“The entire plan will not add one penny to the federal debt, while creating 5 million new jobs.”
--news release by Sen. Rand Paul (R-Ky.) about the Senate GOP jobs plan
“Paul said the bill would create 5 million new jobs—although he did not offer a specific time frame.”
--news article on unveiling of the plan, Oct. 14, 2011
Politicians love to make claims about how many jobs their proposals will create. As a practical matter, readers should immediately discount such assertions, since they are often based on guesstimates that are then extrapolated beyond reality. One good example of such a dubious claim is one made by Senate Majority Leader Harry Reid in August about the Federal Aviation Administration funding bill, for which he earned Three Pinocchios.
But the current battle over the jobs bills is, of course, about jobs. President Obama has toured the country, making the case for his plan while frequently citing an estimate by one economist that nearly 2 million jobs would be saved or created. Bloomberg News surveyed 34 economists and came up with a decidedly smaller average – the plan would “add or keep 275,000 employees on payrolls.” Still, the economists concluded the president’s plan might help avoid a recession in the next year.
Senate Republicans, including Rand Paul (Ky.), John McCain (Ariz.) and Rob Portman (Ohio), last week unveiled what they labeled as their alternative to Obama’s plan. Their plan was mostly a mish-mash of previous offered bills, such as that hardy perennial--a balanced budget amendment to the constitution. (Some experts would argue that such a requirement could hurt employment if government spending dropped too quickly.)
During the news conference, and in a news release, Paul claimed the GOP plan would create 5 million jobs
So, we wondered: Where did that figure come from?
Moira Bagley, a spokesman for Paul, said the figure was derived from three proposals: individual and corporate tax cuts that reduced the top tax rate of 25 percent, which the Heritage Foundation said would boost employment by 1.6 million jobs over the next decade; a tax holiday allowing U.S. companies to return cash held overseas, which a Chamber of Commerce study said would create 2.9 million jobs in two years; and a study by energy consultant Wood MacKenzie, which said allowing access to domestic energy resources and imports of Canadian oil would generate more than 1 million jobs by 2018.
There are several problems with these figures.
First of all, the tax reductions and the energy proposals are going to do very little in the near term. The Heritage study looks at the impact over ten years. And, let’s face it, a project as big as reducing tax rates will take months, if not years, of legislative battles. Such a tax plan certainly won’t do anything to avert a recession right now. (In any case, we raised serious questions about aspects of the Heritage analysis when it was released earlier this year in conjunction with the House Republican budget plan.)
The same problem holds true for the energy proposal—a long-term fix that will not bring much near term help. Incidentally, this same study, which has been promoted by the American Petroleum Institute, was recently the subject of a front-page Washington Post article about the “fuzzy math” on jobs used by corporate lobbying interests.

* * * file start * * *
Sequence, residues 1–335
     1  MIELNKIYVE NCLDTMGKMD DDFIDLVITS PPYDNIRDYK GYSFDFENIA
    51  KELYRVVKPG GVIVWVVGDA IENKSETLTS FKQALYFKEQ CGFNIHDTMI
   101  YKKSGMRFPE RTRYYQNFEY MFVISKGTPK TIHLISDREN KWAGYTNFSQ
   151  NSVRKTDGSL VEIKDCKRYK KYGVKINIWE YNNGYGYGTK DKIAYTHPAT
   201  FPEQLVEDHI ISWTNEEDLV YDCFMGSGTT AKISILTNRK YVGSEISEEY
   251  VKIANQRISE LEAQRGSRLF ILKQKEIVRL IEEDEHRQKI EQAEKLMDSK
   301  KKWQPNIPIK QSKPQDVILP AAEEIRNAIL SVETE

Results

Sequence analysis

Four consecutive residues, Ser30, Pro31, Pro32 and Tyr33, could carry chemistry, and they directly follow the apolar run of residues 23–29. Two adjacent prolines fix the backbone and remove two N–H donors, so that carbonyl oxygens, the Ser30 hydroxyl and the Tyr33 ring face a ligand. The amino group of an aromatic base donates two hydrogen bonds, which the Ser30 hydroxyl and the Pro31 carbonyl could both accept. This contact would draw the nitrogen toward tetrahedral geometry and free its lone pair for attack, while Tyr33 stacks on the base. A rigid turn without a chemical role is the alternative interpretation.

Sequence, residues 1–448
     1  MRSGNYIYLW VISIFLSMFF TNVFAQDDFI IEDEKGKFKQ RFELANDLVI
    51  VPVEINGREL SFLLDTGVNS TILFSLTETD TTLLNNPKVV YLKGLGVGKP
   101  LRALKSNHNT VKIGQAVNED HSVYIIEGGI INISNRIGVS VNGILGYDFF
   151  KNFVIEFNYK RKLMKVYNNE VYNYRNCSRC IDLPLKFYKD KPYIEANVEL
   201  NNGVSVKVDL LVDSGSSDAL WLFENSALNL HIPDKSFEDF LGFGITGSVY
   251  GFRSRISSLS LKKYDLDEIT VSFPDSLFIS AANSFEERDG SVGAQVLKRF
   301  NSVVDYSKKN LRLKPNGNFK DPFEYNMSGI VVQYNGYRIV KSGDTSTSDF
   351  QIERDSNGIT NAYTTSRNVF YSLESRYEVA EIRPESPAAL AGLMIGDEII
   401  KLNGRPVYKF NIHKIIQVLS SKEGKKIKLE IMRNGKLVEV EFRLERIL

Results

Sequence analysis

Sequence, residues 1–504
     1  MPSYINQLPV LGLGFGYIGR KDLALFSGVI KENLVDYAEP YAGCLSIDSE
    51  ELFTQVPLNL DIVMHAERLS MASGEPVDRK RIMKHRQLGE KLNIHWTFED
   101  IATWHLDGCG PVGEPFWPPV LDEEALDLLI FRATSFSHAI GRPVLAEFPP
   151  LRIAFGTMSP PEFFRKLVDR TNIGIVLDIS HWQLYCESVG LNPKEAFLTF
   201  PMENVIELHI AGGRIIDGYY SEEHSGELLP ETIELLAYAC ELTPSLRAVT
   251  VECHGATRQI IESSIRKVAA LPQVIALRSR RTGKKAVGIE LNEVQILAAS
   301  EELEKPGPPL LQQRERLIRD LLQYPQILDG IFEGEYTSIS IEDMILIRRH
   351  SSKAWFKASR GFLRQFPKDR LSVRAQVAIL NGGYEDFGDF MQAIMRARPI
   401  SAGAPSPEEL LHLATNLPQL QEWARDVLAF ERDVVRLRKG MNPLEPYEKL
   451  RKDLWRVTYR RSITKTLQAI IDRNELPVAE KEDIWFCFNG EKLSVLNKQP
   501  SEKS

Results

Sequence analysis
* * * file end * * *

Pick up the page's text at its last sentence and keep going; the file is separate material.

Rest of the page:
“Many economists say the API has exaggerated the number of jobs linked to the oil and gas industry by including direct and indirect jobs (such as steel suppliers), and a seldom-used category known as ‘induced’ jobs that API says covers everything from valets to day-care providers, from librarians to rocket scientists,” the article said.
That leaves the Chamber of Commerce study on a proposed tax holiday, officially known as repatriation. It certainly has a big figure—2.9 million jobs—and it was written by a credible economist, Douglas Holtz-Eakin, former director of the Congressional Budget Office. But this is not a slam-dunk issue; some experts say the last time this was tried, in 2004 and 2005, firms simply gave the money to shareholders as dividends or bought back stock, rather than creating jobs.
For the study, Holtz-Eakin surveyed firms to try to figure out what they would do with the funds, but he admits he did not get much of a response. (He received information from ten firms, which the survey says is “best characterized as anecdotal.”) Then using the same methodology the CBO used to calculate the impact of Obama’s stimulus law, he tried to calculate the number of jobs that would be created.
The result was a very wide range, of which 2.9 million jobs was the midpoint. “Quite frankly, it is educated guesswork at best,” Holtz-Eakin said in an interview.
It’s certainly ironic that Senate Republicans cite a study that uses the same methodology that calculated successful job growth in the stimulus bill. Republican lawmakers frequently decry the stimulus as a failure, but the CBO found that it added or saved between 1.9 million and 4.9 million jobs in 2010.
“I have never been saying the stimulus did not do anything,” Holtz-Eakin noted. “If you put $1 trillion in the economy, it has got to do something.”
Bagley, Paul’s spokeswoman, did not respond to any questions concerning the appropriateness of citing these studies.
The Pinocchio Test
The 5 million figure cited by Paul, and echoed by other Republicans, is ludicrous. Even if one accepts the studies that came up with the figures, in most cases they indicate the GOP proposals would do little to create jobs in the near future.
The one exception is repatriation, but Republicans can’t have their cake and eat it too. If they are so convinced that Obama’s stimulus was a failure, they shouldn’t cite a study that uses a methodology that concludes the stimulus was a success.